Book review: Small Gods – Terry Pratchett
About the Book
A simple lad who can neither read nor write, Brutha is content growing melons for the Temple monks. But his lot changes when a tortoise appears in his garden. To Brutha’s dismay, he discovers that he’s become his god’s Chosen One – a difficult position that requires spreading goodness and stopping holy wars.
Of course no good deed goes unpunished, and soon some rather inquisitive folk are taking an unhealthy interest in Brutha. They don’t see a need for peace, love, and tolerance. They liked the old days just fine. And Brutha, too, yearns for the simple life he once led—a desire that leads him to wonder just why his god didn’t choose someone else.
I have tried to write this review at least three times. I have no idea where to start with it. At first Small Gods seems to be nothing more than a hilarious satire on religion but this book is deep. Pratchett has mastered the art of blending the profound and thought provoking with hilarity which made a heavy, sensitive topic an easy one to read, enjoy and internalize.
At the root of this novel is the message that gods need belief to survive and humans, in turn, make gods what we want them to be. This message is portrayed through layers of story and enough humor to make reading this book in public immensely difficult (if you want to look sane). Pratchett weaves his message through a tale of adventure with Brutha, an easy-to-overlook melon grower for the church, the Great God Om who has somehow managed to turn himself into a tortoise instead of a white bull and Vorbis, a mastermind and manipulator.
Pratchett is a master of dynamic in Small Gods. The book starts out with scenes of extended hilarity as he introduces the reader to the world, characters and traditions he’ll be working with. Slowly, as the book progresses it becomes obvious that there is more to this story than odd situations and extended periods of humor. Many of the religious traditions and stories being told are reminiscent of our own world religions.
The book really starts rolling when Om realizes that Brutha is his only true believer and thus, must stay near the boy if he wishes to retain any of his god-mind. A journey ensues to a strange land and many revelations (and hilarious moments, like a bar room brawl where the goddess of wisdom is revealed to be a gigantic penguin). This realization by Om that Brutha is his only true believer is where the real shift in relationships and dynamics happen. The great god is completely reliant upon a human to exist.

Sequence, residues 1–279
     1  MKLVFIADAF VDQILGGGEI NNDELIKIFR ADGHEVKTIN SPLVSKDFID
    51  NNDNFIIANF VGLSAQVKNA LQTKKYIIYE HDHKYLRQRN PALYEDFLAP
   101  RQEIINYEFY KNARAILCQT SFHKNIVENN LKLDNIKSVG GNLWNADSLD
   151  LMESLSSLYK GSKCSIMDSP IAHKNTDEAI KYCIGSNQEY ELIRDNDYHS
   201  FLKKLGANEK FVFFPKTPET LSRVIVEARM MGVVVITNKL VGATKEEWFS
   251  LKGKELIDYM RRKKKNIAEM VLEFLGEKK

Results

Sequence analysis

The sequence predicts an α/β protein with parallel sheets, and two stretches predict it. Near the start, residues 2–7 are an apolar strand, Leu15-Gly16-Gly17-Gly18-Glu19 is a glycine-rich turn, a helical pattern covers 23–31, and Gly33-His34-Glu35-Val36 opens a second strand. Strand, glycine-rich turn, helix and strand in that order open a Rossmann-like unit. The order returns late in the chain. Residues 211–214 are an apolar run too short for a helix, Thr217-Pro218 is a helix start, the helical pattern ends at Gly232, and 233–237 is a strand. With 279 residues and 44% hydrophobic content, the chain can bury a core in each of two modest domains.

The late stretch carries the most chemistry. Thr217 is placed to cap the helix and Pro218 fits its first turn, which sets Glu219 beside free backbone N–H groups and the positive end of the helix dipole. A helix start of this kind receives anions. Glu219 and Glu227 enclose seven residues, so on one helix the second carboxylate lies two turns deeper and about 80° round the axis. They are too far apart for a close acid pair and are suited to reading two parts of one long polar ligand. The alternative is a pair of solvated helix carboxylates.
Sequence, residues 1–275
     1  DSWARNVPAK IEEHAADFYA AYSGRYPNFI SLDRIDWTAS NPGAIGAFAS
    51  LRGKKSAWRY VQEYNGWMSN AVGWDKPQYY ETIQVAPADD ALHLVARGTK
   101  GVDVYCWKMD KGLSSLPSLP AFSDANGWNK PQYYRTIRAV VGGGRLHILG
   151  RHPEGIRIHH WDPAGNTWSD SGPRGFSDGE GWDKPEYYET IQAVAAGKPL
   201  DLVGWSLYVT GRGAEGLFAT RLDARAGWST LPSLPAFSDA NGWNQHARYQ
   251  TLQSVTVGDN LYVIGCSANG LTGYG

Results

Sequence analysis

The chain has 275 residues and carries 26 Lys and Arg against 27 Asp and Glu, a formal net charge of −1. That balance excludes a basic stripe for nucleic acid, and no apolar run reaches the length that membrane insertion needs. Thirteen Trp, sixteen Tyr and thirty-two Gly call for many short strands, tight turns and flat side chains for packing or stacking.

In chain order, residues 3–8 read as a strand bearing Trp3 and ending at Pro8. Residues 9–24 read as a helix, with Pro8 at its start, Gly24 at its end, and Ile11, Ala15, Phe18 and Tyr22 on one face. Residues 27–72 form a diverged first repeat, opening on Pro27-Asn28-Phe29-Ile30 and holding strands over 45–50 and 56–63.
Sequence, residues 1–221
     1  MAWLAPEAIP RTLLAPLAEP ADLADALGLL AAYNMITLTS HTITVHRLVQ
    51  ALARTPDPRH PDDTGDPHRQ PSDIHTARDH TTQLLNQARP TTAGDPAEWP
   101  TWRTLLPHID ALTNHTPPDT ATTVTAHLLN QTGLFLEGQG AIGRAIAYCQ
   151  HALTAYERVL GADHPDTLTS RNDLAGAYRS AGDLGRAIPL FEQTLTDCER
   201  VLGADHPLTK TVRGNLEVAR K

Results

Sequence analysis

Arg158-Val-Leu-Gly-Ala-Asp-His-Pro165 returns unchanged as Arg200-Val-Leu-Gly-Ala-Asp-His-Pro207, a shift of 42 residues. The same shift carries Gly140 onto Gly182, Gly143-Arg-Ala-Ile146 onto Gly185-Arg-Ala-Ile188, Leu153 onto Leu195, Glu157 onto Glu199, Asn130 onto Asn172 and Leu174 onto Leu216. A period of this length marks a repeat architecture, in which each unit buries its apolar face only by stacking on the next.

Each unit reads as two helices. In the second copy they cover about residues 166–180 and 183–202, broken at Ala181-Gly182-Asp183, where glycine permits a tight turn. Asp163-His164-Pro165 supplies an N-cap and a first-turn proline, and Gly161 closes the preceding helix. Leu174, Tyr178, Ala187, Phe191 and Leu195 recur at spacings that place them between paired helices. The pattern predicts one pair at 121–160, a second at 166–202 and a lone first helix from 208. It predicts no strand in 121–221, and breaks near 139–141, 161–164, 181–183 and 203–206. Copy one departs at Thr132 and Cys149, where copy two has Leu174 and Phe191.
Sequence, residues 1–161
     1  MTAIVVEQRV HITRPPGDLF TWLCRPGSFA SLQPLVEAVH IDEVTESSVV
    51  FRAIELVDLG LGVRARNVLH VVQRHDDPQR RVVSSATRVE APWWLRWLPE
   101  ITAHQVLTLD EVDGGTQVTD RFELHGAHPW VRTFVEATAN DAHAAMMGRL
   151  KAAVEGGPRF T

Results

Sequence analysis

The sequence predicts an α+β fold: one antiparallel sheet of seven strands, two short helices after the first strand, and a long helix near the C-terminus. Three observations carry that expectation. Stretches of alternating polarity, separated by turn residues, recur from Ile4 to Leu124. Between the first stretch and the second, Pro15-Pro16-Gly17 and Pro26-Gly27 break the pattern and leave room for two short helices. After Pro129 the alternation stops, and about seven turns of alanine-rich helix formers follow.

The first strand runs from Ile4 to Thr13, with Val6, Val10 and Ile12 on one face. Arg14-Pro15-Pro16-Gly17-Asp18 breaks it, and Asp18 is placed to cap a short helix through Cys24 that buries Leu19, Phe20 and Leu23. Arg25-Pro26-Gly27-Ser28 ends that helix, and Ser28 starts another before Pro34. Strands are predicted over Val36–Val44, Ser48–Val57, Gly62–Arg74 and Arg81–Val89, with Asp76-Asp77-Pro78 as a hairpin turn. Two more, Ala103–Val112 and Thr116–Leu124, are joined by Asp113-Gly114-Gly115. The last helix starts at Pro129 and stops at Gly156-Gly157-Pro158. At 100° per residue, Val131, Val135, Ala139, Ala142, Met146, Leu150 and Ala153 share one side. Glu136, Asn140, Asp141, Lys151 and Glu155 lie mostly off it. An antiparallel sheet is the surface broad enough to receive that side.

The second half of Small Gods, while still hilarious and light hearted at moments, is much more serious. Pratchett shines in this book, whether it’s by humor or by his second, more serious half where the protagonist(s) take an almost hypnotic journey through a desert, which many religious readers will find parallel to some of their own stories.
That’s where the truly amazing quality of this book really lies. Pratchett’s humor is wonderful and his ability to swing between being hilarious and absolutely serious without ever loosing track of his plot is incredible. However, what really strikes me about Small Gods is how wonderfully and, at times, subtly he uses his book to parallel stories, events and motivations behind events in our own world.
Small Gods is a journey through a strange, foreign world on the surface, but if you look deeper it’s a journey through our own world and our own history more than anything else. Pratchett’s amazing humor and fantastic characterization will satisfy many readers, but it’s not hard to look past them and see that he’s really making a 357 page philosophical statement on the nature of belief, religion, justice and humanity. It’s when Brutha teaches the great god Om about humanity, justice and the nature of belief that things really become interesting. Though Om is a god, Brutha quickly becomes the more holy of the two.
The book ends poetically. Where it would be easy to demonize Vorbis and write him off, Pratchett chooses the higher rode and ends the book in a perfectly poetic way for the overall tale being told and the messages couched in his words. Vorbis is a character I’d usually complain about as being a little too predictable and one-sided. However, in truth he seemed to fit the role Pratchett needed him for perfectly. There isn’t much more Pratchett could have done with Vorbis in this short book. While he is my least favorite character in the book, he perfectly fills the niche he needs to fill.
Occasionally I’ll read a book, put it down, let out a long sigh and think how the hell did this author manage to get a brain complex enough to write out something this genius? It doesn’t happen often, but when it does, it leaves behind a feeling I savor. Small Gods managed to put Pratchett on my list of the few. This book will stick with me, not only because it’s a hilarious, entertaining and enjoyable story but because the deep messages Pratchett is using this book to plant in readers minds are valid and absolutely timeless. This book left an unexpectedly deep impression on me. That’s part of the genius of Terry Pratchett. His humor and fantastic writing often overshadow a much deeper message or moral.
This book has to be one of my most unexpectedly impressive recent reads, seconded only by K.J. Parker’s Engineer Trilogy. No matter why you read this book, you are guaranteed to enjoy it on some level. It’s impossible not to.
Let there be lettuce. Low hanging, green lettuce.
You can also read this review on my book review blog here.
Editors note: Don’t forget to jump in on the forum topic discussing this book too! Talk about Small Gods HERE